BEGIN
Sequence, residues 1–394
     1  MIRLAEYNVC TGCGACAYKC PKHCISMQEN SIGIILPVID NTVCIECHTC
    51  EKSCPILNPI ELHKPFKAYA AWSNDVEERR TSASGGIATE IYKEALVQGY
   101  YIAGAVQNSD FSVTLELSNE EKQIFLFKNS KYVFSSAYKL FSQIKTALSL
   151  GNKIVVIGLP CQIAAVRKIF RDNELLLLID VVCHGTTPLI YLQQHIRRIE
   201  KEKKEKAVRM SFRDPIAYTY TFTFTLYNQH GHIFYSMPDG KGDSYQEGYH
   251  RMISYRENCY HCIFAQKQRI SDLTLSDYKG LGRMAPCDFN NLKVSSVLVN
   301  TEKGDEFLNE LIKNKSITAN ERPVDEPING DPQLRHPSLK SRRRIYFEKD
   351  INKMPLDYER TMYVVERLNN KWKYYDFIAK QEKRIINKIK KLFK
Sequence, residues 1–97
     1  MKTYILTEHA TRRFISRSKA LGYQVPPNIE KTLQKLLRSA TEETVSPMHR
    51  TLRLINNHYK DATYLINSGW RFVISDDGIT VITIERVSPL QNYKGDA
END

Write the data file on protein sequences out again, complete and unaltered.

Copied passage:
Sequence, residues 1–394
     1  MIRLAEYNVC TGCGACAYKC PKHCISMQEN SIGIILPVID NTVCIECHTC
    51  EKSCPILNPI ELHKPFKAYA AWSNDVEERR TSASGGIATE IYKEALVQGY
   101  YIAGAVQNSD FSVTLELSNE EKQIFLFKNS KYVFSSAYKL FSQIKTALSL
   151  GNKIVVIGLP CQIAAVRKIF RDNELLLLID VVCHGTTPLI YLQQHIRRIE
   201  KEKKEKAVRM SFRDPIAYTY TFTFTLYNQH GHIFYSMPDG KGDSYQEGYH
   251  RMISYRENCY HCIFAQKQRI SDLTLSDYKG LGRMAPCDFN NLKVSSVLVN
   301  TEKGDEFLNE LIKNKSITAN ERPVDEPING DPQLRHPSLK SRRRIYFEKD
   351  INKMPLDYER TMYVVERLNN KWKYYDFIAK QEKRIINKIK KLFK
Sequence, residues 1–97
     1  MKTYILTEHA TRRFISRSKA LGYQVPPNIE KTLQKLLRSA TEETVSPMHR
    51  TLRLINNHYK DATYLINSGW RFVISDDGIT VITIERVSPL QNYKGDA